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Experimental Brain Research

, Volume 201, Issue 4, pp 729–741 | Cite as

Open-loop, closed-loop and compensatory control: performance improvement under pressure in a rhythmic task

  • Felix Ehrlenspiel
  • Kunlin Wei
  • Dagmar Sternad
Research Article

Abstract

According to explicit monitoring theories, the phenomenon of choking under pressure is due to actors focusing their attention on the execution of the skill. This step-by-step perceptually guided control may then interfere with automatic execution. In order to examine the changes in control at the sensorimotor level, we examined the rhythmic task of ball bouncing which affords detailed quantification of indicators of control based on previous research. The hypothesis was that under psychological pressure perceptually guided control should lead to decreased performance due to over-emphasis on closed-loop control and decreased compensatory control. In two experiments of different difficulty psychological stress was induced via setting up a fake competition. Results showed that, contrary to the hypothesis, performance accuracy and consistency improved together with an increase in compensatory control. Indicators for open- and closed-loop processes did not change. Only under more challenging conditions in Experiment 2, enhanced performance under pressure was accompanied by more active, closed-loop and less passive control. The results are discussed in light of task demands and the continuous rhythmic nature of the task: in more challenging tasks, control appears to be more prone to disturbance due to psychological stress. The different control demands in continuous rhythmic tasks may be less prone to interference due to psychological stress than in discrete tasks.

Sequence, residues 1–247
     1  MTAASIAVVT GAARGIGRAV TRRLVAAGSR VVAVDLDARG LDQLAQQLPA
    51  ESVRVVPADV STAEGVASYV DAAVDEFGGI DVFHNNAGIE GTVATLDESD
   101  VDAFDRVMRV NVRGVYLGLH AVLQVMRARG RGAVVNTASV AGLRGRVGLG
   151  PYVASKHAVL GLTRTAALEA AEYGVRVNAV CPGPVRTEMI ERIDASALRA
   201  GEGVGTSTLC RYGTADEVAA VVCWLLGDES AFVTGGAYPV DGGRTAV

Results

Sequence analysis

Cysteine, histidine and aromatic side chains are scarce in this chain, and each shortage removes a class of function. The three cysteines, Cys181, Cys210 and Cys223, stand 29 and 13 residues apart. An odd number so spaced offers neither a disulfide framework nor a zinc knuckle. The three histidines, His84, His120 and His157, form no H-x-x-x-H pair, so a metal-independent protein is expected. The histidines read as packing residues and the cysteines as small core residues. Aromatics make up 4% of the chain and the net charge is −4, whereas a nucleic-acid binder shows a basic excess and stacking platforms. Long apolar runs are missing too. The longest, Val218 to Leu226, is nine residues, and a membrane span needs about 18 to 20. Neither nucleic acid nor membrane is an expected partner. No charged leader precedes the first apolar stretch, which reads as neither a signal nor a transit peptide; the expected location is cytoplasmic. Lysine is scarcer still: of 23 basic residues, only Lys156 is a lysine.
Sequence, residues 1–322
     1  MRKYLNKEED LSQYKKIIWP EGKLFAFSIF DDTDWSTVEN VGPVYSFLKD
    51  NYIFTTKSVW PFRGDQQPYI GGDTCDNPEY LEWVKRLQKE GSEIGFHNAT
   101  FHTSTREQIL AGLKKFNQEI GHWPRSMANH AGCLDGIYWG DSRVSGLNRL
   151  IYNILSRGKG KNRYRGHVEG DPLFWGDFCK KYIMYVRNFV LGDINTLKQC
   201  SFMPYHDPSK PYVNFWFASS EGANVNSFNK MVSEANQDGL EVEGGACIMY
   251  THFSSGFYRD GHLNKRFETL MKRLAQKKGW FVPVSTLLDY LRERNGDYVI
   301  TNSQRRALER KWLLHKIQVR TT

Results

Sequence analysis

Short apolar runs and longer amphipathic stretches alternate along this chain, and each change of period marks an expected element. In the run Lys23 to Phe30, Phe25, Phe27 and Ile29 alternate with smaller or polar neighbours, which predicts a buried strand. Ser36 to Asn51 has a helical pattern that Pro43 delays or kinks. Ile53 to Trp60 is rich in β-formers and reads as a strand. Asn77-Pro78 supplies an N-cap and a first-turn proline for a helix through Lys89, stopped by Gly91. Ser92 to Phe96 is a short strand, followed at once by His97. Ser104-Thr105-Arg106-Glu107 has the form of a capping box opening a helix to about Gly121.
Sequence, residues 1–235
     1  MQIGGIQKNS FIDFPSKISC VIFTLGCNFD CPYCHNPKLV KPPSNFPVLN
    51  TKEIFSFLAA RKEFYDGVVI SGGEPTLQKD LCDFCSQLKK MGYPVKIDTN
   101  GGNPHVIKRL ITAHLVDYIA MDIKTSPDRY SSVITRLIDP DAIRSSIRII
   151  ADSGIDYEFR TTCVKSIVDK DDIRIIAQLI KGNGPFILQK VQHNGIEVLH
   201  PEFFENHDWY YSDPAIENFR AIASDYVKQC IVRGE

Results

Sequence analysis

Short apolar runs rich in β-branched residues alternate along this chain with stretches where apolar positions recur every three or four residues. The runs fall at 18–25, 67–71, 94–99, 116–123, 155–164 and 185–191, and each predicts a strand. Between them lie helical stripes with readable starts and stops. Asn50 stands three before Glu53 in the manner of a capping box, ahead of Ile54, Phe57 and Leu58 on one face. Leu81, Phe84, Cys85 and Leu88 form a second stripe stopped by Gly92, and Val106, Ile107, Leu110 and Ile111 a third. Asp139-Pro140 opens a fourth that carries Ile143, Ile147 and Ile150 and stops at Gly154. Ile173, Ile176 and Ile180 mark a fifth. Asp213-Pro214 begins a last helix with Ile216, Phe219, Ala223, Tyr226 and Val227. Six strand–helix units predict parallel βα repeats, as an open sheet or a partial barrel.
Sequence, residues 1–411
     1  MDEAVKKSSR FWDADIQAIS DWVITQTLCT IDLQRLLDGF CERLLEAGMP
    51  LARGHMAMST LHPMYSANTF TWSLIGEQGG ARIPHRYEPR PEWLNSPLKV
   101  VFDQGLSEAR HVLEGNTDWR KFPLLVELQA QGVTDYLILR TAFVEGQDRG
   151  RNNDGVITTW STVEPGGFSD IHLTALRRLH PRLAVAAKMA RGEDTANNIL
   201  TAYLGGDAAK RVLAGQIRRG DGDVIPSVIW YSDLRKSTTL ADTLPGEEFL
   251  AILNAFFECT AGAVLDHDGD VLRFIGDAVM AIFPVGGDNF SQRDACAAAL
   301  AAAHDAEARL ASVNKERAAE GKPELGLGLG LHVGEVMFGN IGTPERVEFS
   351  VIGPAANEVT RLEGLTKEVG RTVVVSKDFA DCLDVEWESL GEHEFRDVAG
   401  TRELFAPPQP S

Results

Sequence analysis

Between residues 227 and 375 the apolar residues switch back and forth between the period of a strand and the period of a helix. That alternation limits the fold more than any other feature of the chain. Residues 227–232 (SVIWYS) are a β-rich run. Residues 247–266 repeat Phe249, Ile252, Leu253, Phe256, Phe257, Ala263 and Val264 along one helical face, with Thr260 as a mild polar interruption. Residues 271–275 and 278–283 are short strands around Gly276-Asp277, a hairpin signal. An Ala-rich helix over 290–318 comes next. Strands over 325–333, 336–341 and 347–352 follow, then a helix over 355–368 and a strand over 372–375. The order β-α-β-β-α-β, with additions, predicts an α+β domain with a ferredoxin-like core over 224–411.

Keywords

Choking under pressure Explicit monitoring Dynamical stability Continuous movements 

Notes

Acknowledgments

This research was supported by grants from the National Science Foundation, BCS-0450218, the National Institutes of Health, R01 HD045639, and the Office of Naval Research, N00014-05-1-0844 awarded to Dagmar Sternad. Felix Ehrlenspiel was supported by a grant from the German Academic Exchange Program (DAAD) to visit Pennsylvania State University.

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Copyright information

© Springer-Verlag 2009

Authors and Affiliations

  • Felix Ehrlenspiel
    • 1
  • Kunlin Wei
    • 2
    • 3
  • Dagmar Sternad
    • 4
  1. 1.Department of Sports ScienceTechnische Universität MünchenMunichGermany
  2. 2.Department of PsychologyPeking UniversityBeijingChina
  3. 3.Departments of Physiology, Physical Medicine and Rehabilitation, and Applied MathematicsNorthwestern UniversityChicagoUSA
  4. 4.Departments of Biology, Electrical and Computer Science, and PhysicsNortheastern UniversityBostonUSA

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